Botanic Gardens Trust, Sydney, Australia

Plumeria rubra

 The Royal Botanic Garden, Sydney - February

Common name frangipani
Scientific name Plumeria rubra L.
Family  Apocynaceae

Genus: Plumeria is attributed to Charles Plumier, a 17th Century French botanist.

Species: rubra - Latin for red.

Distribution Native to continental central America, Mexico and Venezuela. Now widely cultivated throughout the world in tropical regions; there are many cultivars.
Native habitat Grows wild in mountains and offshore islands on either rocky soils or sandy beach environments.
Description The tree grows in a 'candelabrum' shape typical of Plumeria with a single trunk and multiple branches of a similar length that support an open spreading canopy. Grows to 8 m tall and 3-5 m wide. The sap of all parts of the plant is a milky latex.

Produces fragrant flowers with 5 overlapping petals, ranging from yellow to pink depending on form or cultivar, in summer to autumn.

Plumeria rubra ’Bali Whirl’ (bed 54) is the world’s only double with 10 petals instead of 5.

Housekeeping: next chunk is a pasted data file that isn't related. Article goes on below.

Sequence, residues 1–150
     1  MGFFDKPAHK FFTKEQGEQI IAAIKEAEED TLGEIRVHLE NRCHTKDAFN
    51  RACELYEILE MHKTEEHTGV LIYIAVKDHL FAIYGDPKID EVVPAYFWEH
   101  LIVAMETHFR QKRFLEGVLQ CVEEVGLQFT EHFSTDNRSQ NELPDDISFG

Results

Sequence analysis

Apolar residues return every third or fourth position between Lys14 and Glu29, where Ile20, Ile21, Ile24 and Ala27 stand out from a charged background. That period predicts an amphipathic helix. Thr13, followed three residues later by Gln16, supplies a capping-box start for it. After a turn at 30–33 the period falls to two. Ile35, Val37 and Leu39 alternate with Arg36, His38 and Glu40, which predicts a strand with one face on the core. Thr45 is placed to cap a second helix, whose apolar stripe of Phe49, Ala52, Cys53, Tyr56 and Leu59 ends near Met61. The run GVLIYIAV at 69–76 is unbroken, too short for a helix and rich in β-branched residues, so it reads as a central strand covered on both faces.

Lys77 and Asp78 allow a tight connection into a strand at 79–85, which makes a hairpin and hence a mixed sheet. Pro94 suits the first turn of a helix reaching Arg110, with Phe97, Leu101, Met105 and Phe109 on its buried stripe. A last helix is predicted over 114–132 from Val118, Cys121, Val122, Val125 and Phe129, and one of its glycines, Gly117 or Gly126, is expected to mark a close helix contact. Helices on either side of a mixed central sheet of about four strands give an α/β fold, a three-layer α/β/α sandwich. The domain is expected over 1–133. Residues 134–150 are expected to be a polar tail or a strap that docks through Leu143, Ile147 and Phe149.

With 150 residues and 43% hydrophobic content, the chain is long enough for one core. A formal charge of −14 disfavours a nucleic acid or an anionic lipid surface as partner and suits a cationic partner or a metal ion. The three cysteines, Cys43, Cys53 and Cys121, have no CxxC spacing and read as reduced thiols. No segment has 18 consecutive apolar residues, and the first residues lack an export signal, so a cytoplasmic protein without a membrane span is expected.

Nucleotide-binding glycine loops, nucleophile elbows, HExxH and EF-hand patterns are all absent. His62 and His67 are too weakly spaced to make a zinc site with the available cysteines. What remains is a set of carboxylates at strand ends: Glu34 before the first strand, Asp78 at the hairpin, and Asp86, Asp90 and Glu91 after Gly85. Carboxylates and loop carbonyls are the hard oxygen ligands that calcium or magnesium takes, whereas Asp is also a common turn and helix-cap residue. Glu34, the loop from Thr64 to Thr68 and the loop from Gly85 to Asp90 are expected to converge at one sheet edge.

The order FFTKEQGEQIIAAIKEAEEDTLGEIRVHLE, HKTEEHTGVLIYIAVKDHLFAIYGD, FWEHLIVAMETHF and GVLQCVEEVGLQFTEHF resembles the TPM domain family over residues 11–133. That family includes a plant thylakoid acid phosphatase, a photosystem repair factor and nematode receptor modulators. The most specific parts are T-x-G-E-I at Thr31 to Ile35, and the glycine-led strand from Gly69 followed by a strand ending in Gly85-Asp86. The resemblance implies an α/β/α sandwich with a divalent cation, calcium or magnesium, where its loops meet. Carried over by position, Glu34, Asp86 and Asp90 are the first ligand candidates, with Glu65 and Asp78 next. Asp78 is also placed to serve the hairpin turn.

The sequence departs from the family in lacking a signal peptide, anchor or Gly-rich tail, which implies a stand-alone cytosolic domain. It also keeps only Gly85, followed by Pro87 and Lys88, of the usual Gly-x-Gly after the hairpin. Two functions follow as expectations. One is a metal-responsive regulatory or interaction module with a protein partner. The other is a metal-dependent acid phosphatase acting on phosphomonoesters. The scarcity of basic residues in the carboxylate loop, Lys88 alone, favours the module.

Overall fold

Location in Garden

Beds 31, 41a, 41c, 54,112, 131, 141. Click here for map of garden beds & grid.


Reproductive flower parts are hidden deep within the narrow floral tube. In the Caribbean, the hummingbird has evolved alongside the frangipani, and acts as a pollinator. While in Costa Rica Plumeria rubra is pollinated by a number of different hawkmoth species. Pollination of this species is achieved through 'floral mimicry'; no nectar is produced in the flowers as a reward for pollinators. Hawkmoths are attracted to the flowers of Plumeria because they mimic the floral cues, including scent and visual cues, of nectar-producing flowers.

There are no specific pollinators in Australia, and growers generally pollinate flowers by hand using fishing line. Bean like seeds pods are produced within 2 weeks of pollination, but take 9 months to mature.
Plumerias do best in slightly acidic soil, and warm temperatures. They do not need a lot water to survive. They are frost tender, so in Australia grow best in warm coastal climates.

The latex of Plumeria has been utilised in tropical regions for medicine for the treatment of itches, swellings, and fevers.

Not generally known to be weedy.

Sometimes available from Growing Friends Nursery.